Where no objection was made during the sentencing proceeding, this court applies plain-error review to a claim that the trial court erroneously believed that the sentence it imposed was mandatory. See Veney v. United States, 738 A.2d 1185, 1198 (D.C. 1999). The plain error test requires that there "be (1) 'error, ' (2) that is 'plain, ' and (3) that 'affects substantial rights.'" Johnson v. United States, 520 U.S. 461, 466-67 (1997) (internal brackets omitted) (quoting United States v. Olano, 507 U.S. 725, 732 (1993)). "If all three conditions are met, an appellate court may then exercise its discretion to notice a forfeited error, but only if (4) the error seriously affects the fairness, integrity, or public reputation of judicial proceedings." Id. at 467 (internal quotation marks and brackets omitted).

         Our review of questions of statutory interpretation is de novo. Peterson v. United States, 997 A.2d 682, 683 (D.C. 2010).


         We can dispose of appellant's first claim summarily. To establish a Brady violation, an appellant must first show that the information the government failed to produce was in its possession; "[i]f the government does not possess the requested information, there can be no Brady violation." Guest v. United States, 867 A.2d 208, 212 (D.C. 2005). "The Brady principle does not imply the government's duty to investigate - and come to know - information which the defendant would like to have but the government does not possess." Id. (internal brackets omitted) (quoting Lewis v. United States, 393 A.2d 109, 115 (D.C. 1978)). Rule 16 similarly requires the government to produce certain items "if the item is within the government's possession, custody, or control." Super. Ct. Crim. R. 16 (a)(1)(E). "If [the requested item was not ever within the government's possession], there can be no Rule 16 violation." Myers v. United States, 15 A.3d 688, 690 (D.C. 2011).

         Here, appellant has failed to show that the government was ever in possession of any contents of the video camera attached to the apartment building. The only pertinent evidence in the record was the testimony of Investigator Rutter, who testified that he "was not able to make contact with the homeowner" to obtain any video footage the camera might have captured, that he did not even know whether the camera was "fake, " and that in his experience, video surveillance cameras frequently do not work and are mounted solely for their deterrent effect.[3] Further, the government had no duty under the Due Process Clause or under Rule 16 to take steps to investigate and obtain any video footage the camera, which the government did not possess or control, might have contained. See Guest, 867 A.2d at 212; cf. Koonce v. District of Columbia, 111 A.3d 1009, 1016 (D.C. 2015) (stationhouse video of person arrested for DUI must be preserved under Rule 16). Accordingly, we have no basis for concluding that the government violated Brady or Rule 16 by not producing any evidence from that camera and, likewise, no basis for concluding that the trial court plainly erred by not sanctioning the government.[4]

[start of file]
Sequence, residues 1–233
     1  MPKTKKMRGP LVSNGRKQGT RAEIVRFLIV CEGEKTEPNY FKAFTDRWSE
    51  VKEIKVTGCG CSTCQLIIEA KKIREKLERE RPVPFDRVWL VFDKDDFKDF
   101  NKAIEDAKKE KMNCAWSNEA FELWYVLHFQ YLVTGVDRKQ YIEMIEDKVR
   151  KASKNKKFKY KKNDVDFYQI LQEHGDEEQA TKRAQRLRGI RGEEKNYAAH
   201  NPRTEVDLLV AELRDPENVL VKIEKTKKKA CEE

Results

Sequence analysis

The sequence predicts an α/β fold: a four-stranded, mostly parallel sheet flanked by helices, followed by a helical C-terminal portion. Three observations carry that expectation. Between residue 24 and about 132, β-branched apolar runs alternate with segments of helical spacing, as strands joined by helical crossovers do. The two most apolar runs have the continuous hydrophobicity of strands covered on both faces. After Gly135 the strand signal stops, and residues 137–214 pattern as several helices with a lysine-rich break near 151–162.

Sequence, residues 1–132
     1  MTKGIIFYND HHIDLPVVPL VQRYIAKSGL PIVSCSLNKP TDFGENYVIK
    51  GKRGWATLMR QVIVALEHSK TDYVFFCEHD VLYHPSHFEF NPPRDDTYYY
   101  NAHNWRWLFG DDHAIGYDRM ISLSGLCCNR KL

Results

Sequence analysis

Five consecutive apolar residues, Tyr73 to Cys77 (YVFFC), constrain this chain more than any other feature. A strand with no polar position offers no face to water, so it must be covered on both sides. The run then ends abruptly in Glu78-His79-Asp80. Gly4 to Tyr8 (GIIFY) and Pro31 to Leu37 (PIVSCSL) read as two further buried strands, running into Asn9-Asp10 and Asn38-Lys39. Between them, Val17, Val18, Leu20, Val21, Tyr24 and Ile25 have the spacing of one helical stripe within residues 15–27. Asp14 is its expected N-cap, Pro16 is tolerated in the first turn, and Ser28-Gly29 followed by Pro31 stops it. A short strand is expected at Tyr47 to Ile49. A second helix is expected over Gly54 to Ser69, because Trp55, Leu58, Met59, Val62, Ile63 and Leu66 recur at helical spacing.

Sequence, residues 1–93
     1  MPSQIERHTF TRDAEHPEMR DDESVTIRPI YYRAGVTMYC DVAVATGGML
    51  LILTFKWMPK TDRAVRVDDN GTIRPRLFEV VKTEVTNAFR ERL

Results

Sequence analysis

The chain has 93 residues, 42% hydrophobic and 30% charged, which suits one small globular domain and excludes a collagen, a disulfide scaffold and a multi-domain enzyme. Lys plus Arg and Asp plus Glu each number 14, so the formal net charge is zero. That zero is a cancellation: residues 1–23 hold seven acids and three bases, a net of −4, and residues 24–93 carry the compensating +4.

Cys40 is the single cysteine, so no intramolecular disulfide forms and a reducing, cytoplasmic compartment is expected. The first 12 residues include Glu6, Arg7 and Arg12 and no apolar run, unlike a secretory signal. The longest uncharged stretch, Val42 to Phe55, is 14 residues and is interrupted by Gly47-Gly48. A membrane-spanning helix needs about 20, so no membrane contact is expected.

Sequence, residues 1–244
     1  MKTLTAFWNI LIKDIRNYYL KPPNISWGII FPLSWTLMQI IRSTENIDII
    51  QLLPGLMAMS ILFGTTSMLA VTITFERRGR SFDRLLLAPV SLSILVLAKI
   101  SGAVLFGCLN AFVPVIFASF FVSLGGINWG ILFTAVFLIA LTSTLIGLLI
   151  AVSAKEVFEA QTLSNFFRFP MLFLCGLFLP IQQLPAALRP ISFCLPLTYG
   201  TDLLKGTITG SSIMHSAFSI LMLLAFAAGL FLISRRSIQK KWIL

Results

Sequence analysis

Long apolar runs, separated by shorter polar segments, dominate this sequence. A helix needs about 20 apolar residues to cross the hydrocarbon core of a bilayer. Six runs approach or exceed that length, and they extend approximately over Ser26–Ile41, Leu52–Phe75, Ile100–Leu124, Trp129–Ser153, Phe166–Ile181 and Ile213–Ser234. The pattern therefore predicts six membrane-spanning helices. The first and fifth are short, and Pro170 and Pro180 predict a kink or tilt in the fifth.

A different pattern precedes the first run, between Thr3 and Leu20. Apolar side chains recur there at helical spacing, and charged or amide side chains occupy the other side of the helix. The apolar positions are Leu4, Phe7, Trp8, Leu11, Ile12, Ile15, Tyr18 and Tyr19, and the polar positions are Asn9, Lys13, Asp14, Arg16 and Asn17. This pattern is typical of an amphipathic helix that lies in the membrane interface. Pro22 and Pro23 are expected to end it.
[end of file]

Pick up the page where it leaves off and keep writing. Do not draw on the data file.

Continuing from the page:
During the sentencing proceeding, defense counsel said that "[t]here are guidelines that are before the [c]ourt[, ]" but urged the court to "consider the sentence under the [YRA], " telling the court that he hoped appellant would be allowed "to have Your Honor sign an order of expungement should the [c]ourt go along the lines [counsel was] requesting." The prosecutor said that the government would "rest largely" on its Memorandum in Aid of Sentencing, which - citing appellant's "substantial criminal history" and asserting that his conduct was "only getting more violent" - recommended that appellant be sentenced to consecutive sentences of sixty months of imprisonment and three years of supervised release for his robbery while armed and PFCV convictions, and to a concurrent sentence of twenty-four months' imprisonment and three years of supervised release for the ADW conviction. The prosecutor told the court that the government "defer[red] to the [c]ourt" "in reference to the Youth Act."

         Before announcing appellant's sentence, the court cited appellant's record of prior convictions (referring to "all . . . the other cases that [appellant] had") and also noted the "really hard impact" of appellant's offenses on victim Thomas. In addition, the court emphasized that it took a period of being locked up for appellant (who earned his GED while in jail awaiting trial and sentencing) to "apply [him]self." The court said that it would adhere to the voluntary sentencing guidelines with respect to "when consecutive sentencing is appropriate, " noting that consecutive sentencing would be appropriate had there been multiple victims or offenses occurring at different times. The trial judge then stated the following:

The sentencing is difficult in this case, in large part because there's a mandatory minimum attached to this because there is a firearm used. But . . . I don't see any value going above the mandatory minimum in this case. And in some respect maybe the mandatory minimum is a little too harsh but it is the mandatory minimum. It is what [the] city coun[cil] said is appropriate under the circumstances.